Tuesday, July 12, 2016

Allen Line: Nicholas Corbin about 1650-1696, Immigrant

First, I am not joining in the controversy as to the parentage of Immigrant Nicholas.  I know there are those who think it "proven" that his parents are Thomas Corbin and Margaret Goodver, of Halls End, but I don't have any reason to think that is correct.  Nor do I have reason to think it is incorrect.  I am just suspicious that it may have come from Gustave Anjou or one of his comrades, who tried to fit nearly every family they worked on back to a line in England.  If there is better documentation than that, I'd love to see it and see where those lines run,but I'm not ready to go off in that direction at the moment.

So, we believe that Nicholas was born about 1650 in England, possibly in or around Halls End, but possibly in some other location entirely.  He could have been born earlier, but he is listed in 1671 as claiming headrights for himself, his wife Elizabeth, and two daughters.  This means he paid for the passage of his family, himself.  21 would have been young to have married in England, had two daughters, and raised or saved enough money to pay for the passage of four persons.  Perhaps 1640 is a better guesstimate for his age.  (This is just speculation on my part.) 

Sometime before 1677, Nicholas's wife Elizabeth died, and in 1676, Nicholas received a bequest from Lewis Bryan.  He is believed to be the father of Alice, Nicholas's second wife, so Elizabeth was likely to have died prior to 1676.  Nicholas and Edward Corbin were born to Nicholas and Alice, and Nicholas acquired land at this time.  He patented 200 acres in 1680, called "Corbin's Rest" and another 100 acres in 1687, called "Costrell Hill", and the family would have lived at the first site, most likely.  The land he acquired was apprently somewhere along the Patapsco River, in what was then Baltimore County, Maryland, but so fara I've not been able to pinpoint the exact location.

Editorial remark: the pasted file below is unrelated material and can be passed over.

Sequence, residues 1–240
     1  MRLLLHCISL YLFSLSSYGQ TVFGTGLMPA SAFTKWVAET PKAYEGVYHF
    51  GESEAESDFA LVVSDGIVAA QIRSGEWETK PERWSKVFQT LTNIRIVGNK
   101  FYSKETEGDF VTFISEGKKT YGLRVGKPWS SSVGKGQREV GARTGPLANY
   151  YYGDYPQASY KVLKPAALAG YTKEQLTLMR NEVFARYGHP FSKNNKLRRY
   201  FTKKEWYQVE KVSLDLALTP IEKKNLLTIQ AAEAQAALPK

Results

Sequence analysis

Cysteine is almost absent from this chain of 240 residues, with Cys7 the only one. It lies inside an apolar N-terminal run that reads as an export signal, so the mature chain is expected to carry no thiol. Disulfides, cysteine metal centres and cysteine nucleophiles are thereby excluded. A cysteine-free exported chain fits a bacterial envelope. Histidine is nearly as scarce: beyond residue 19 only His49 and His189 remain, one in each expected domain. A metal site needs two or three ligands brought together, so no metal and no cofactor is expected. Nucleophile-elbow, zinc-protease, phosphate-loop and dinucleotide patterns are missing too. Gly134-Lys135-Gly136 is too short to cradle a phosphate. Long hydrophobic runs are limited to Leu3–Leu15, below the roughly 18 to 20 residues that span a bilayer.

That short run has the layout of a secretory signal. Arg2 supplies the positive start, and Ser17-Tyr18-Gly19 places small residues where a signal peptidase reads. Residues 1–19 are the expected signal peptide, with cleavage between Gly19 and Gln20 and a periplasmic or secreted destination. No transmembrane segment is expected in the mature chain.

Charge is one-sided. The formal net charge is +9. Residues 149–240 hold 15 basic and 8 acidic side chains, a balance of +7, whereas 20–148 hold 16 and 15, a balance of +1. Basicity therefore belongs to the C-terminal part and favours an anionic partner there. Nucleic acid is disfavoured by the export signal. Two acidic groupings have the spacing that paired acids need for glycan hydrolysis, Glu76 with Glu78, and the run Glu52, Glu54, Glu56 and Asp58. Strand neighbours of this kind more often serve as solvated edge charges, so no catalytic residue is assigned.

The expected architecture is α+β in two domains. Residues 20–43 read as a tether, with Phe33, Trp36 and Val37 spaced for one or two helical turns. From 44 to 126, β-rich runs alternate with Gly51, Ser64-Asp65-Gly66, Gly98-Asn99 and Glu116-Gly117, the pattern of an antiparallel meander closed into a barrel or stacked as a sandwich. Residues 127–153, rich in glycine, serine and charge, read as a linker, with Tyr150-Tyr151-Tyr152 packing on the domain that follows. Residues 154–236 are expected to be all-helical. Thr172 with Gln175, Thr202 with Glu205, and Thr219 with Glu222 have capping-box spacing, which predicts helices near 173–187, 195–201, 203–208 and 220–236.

Nicholas was a constable in 1692 and a vestryman in 1693 and 1696, so he had the respect of his neighbors and fellow church-goers.  "Vestryman" indicates that he was a member of the Anglican church, and "vestryman" seems to be similar to a member of the church board in today's language.

Nicholas wrote his will in 1695 and died December 31,1696.  His son Edward received 100 acres of land known as "Corbin's Hill" but it's not clear whether this was the land earlier noted as "Costrell Hill."  He also left land to Thomas Gostwick, his grandson, and left cows to his two daughters.  His wife Alice was left the balance of the estate and was named executor.  His estate was valued at 32 pounds, which was not a large estate at all.  That may explain why Alice remarried to John Barrett within a few years.

Of course I'd like to know more about Nicholas, particularly where he came from and who his parents were.  I'd also like to know more about his life in Maryland.  Were he or his family ever threatened by native Americans, or was he involved in a militia?  Did he have another occupation besides farmer?  Did he have indentured servants to slaves to help him on his land?  Did he raise tobacco?

It seems that no matter how many answers we have, there are always more questions.  Maybe another Corbin descendant will have some of the answers we are lacking.

Our line of descent is:

Nicholas Corbin-Alice Bryan
Edward Corbin-Jane Wilkinson
Mary Jane Corbin- Samuel Lane
Lambert Lane-Nancy Ann Anderson
Nancy Ann Lane-James McCoy
Vincent McCoy-Eleanor Jackson
Nancy McCoy-George R Allen
Edward Allen-Edith Knott
Richard Allen-Gladys Holbrook
Their descendants